The Monarchs returned to the conference championship in each of the next two seasons. Few expected the team to advance that far in 2003. Sacramento had gotten off to a rocky start, but went 11-4 after the All-Star break to make the playoffs. Yolanda’s numbers dropped off across the board, but in the post-season she caught fire. Scoring 17 a night on 54% shooting, she led Sacramento to a first-round upset of the Comets. Again the Monarchs faced the Sparks for a chance to go to the finals, and again they lost in three games. This time around was particularly painful because Sacramento won Game 1 in LA.

The Monarchs finally got their revenge against the Sparks in 2004, beating them to start the playoffs. Yolanda was giving a repeat performance from ’03. After again being named All-WNBA Second Team, she raised her level of performance in the post-season. Her fine play lifted the Monarchs as they made their third trip to the conference finals. This time Sacramento fell to the Seattle Storm. The storyline was familiar to Yolanda and her teammates—a victory in Game 1 followed by tough losses in the next two.

The sting of those defeats was lessened somewhat by another gold for Yolanda and Team USA in the Olympics. Praised by coach Van Chancellor and her teammates for her unselfish attitude, she made her impact felt coming off the bench. Though Yolanda had all the credentials to be a starter, she accepted her role as a reserve—and became perhaps America’s most valuable player. She shot a sizzling 60% from the field and was a terror on the glass.

In 2005 Yolanda completed the job she had started with Sacramento back in ’99, though she didn’t do it all on her own. The Monarchs retooled, which at first didn’t sit well with her. But she showed up for training camp focused on coach John Whisenant’s defensive-minded game plan, urging her teammates to match her intensity. Forward DeMya Walker was named an All-Star, and shooting guard Kara Lawson fought through an injury to provide valuable minutes. Point guard Ticha Penicheiro had another strong season as well. Yolanda loved playing with the European star. In fact, the two became the league’s all-time leading assist-scoring pair in ’05. For years, Yolanda and Penicheiro had been known as the WNBA’s version of Karl Malone and John Stockton. This was partly because they were still without a title.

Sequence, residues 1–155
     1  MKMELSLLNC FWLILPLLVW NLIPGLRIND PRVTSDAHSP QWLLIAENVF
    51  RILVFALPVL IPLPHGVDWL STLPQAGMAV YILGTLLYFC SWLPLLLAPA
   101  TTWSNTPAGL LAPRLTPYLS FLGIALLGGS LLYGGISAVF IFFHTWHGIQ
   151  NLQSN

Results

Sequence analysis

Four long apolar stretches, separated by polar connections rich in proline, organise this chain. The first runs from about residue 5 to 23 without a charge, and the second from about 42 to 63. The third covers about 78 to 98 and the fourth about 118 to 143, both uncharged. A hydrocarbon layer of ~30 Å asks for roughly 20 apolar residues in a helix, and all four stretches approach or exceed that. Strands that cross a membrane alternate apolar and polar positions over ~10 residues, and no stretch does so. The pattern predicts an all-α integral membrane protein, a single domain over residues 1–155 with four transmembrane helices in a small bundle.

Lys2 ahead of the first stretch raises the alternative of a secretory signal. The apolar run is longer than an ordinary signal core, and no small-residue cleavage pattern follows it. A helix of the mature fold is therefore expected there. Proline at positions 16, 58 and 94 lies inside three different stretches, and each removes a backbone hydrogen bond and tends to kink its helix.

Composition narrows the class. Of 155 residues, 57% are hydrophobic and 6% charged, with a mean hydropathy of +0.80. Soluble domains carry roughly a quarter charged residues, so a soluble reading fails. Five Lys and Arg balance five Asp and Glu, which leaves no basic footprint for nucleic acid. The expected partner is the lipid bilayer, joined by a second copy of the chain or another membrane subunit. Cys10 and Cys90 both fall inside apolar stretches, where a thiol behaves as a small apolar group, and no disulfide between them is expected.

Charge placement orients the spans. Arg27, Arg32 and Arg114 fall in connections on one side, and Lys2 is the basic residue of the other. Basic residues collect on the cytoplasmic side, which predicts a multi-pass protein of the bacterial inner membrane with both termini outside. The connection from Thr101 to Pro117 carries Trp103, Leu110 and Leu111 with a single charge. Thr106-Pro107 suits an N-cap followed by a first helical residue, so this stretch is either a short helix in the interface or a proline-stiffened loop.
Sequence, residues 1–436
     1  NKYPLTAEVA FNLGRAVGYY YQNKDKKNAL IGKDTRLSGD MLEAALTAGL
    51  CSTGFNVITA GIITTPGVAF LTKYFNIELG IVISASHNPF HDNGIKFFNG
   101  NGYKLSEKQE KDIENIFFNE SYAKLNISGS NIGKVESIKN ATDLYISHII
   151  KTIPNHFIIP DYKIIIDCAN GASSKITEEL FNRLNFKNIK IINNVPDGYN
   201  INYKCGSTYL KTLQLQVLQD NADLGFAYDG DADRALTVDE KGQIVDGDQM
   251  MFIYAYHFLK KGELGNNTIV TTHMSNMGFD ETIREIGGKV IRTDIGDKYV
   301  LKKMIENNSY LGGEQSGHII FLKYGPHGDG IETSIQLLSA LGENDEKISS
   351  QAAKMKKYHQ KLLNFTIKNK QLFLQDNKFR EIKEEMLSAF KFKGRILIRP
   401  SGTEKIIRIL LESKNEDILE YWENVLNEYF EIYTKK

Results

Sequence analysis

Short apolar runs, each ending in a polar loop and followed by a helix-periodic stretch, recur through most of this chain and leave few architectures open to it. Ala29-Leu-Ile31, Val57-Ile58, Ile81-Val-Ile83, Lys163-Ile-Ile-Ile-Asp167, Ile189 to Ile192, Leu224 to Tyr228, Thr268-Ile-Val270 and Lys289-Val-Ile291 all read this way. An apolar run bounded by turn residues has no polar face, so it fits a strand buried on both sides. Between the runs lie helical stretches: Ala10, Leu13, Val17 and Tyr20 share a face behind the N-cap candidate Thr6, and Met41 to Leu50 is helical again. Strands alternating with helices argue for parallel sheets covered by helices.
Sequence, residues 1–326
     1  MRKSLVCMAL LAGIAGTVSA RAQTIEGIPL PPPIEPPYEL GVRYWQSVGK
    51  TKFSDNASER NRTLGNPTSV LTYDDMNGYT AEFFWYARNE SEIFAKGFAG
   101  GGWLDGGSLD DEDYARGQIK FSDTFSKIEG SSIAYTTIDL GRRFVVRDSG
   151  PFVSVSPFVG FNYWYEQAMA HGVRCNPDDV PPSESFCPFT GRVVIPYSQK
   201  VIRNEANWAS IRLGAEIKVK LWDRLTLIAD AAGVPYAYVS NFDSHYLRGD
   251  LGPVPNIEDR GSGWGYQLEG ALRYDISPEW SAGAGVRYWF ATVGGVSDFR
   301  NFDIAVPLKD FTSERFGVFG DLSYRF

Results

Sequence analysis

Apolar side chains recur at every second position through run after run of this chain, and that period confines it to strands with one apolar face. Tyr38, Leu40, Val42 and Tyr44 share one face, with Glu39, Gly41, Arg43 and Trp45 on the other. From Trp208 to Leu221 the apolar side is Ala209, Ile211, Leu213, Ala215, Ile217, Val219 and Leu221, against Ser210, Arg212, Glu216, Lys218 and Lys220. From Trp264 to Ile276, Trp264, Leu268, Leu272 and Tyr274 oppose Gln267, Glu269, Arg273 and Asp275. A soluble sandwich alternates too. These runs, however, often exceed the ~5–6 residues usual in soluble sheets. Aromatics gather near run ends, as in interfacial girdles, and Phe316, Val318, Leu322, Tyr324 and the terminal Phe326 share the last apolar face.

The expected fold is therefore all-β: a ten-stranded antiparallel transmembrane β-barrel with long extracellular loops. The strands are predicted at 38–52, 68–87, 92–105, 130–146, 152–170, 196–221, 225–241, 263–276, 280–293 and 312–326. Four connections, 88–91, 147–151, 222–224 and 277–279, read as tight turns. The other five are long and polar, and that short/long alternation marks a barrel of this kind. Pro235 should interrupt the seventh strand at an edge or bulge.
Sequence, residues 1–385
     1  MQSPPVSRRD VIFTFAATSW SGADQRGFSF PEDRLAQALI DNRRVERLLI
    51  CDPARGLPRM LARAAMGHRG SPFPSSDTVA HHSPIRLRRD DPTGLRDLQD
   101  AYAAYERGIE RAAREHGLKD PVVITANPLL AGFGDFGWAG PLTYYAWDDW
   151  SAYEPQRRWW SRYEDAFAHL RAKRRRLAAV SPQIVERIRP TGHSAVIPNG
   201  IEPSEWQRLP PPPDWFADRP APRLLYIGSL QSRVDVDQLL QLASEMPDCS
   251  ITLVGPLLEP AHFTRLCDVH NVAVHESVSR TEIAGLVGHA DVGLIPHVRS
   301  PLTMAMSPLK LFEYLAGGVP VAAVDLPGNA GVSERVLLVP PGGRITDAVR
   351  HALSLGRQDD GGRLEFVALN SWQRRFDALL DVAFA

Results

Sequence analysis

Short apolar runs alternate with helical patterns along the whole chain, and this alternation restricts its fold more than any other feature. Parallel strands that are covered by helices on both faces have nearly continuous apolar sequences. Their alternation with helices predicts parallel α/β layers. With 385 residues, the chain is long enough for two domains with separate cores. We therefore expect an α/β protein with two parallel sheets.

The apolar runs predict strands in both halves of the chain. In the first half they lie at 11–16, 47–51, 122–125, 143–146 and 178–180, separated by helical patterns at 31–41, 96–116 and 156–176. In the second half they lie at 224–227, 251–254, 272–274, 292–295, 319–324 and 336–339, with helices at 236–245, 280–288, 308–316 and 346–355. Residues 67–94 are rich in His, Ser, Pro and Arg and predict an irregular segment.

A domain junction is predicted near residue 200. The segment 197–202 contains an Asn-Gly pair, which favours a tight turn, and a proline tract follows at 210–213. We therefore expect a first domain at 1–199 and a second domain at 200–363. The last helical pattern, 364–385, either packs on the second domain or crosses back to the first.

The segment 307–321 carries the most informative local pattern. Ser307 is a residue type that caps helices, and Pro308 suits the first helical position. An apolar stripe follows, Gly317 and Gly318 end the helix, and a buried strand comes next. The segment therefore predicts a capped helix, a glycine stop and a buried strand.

Sacramento blitzed through the regular season to finish at 25-9 and secure the top seed in the West. Yolanda enjoyed her best campaign in years, earning repeat bids to both the All-WNBA First Team and WNBA All-Defensive First Team. The Monarchs exorcized a pair of demons early in the playoffs. First they disposed of the Comets, and then eliminated the Sparks. Standing in their way for the championship was the Connecticut Sun. A key match-up would be Yolanda versus Taj McWilliams-Franklin. The two respected each other immensely. Their friendship went all the way back to their days in the ABL.

The Monarchs took Game 1 on the strength of Yolanda’s 25 points and nine rebounds. McWilliams-Franklin got the better of the action in Game 2, an OT victory in which she went for 24 points and 16 rebounds. But with the series shifting to Sacramento, Yolanda would not be denied. She paced the Monarchs to two straight victories with a pair of double-doubles, and Sacramento celebrated its first title in franchise history. Yolanda was crowned the finals MVP.

In the locker room afterward, all her teammates could talk about was how much they wanted to win the championship for her and how much she deserved it. Of course, winning has always been serious business for the woman everyone knows as Yo-Yo.


Yolanda Griffith, 2003 Ultra WNBA

Few women have combined the array of skills Yolanda brings to the court. At 6-3 and 175 pounds, she is a load to handle around the basket. Yolanda uses her size to advantage on offense and defense. She's always in good rebounding position, and can out-muscle most opponents when she makes a move to the basket.

Yolanda still surprises people with her quickness. She has a nose for loose balls, and never gives up on a play. One expects to find her near the top of the list of shot-blockers each season, but Yolanda is also among the annual leaders in steals. These stats are testimony to her instincts and work ethic.

Yolanda's long road to the WNBA has paid dividends. She learned her street-smart style of play growing up in Chicago. The years she spent in Europe added depth and polish to her game. And don't underestimate the challenges of motherhood. Yolanda relates very well to her teammates, knowing when they need to be counseled and when they need a good kick in the rear.

Yolanda Griffith, 2002 Ultra WNBA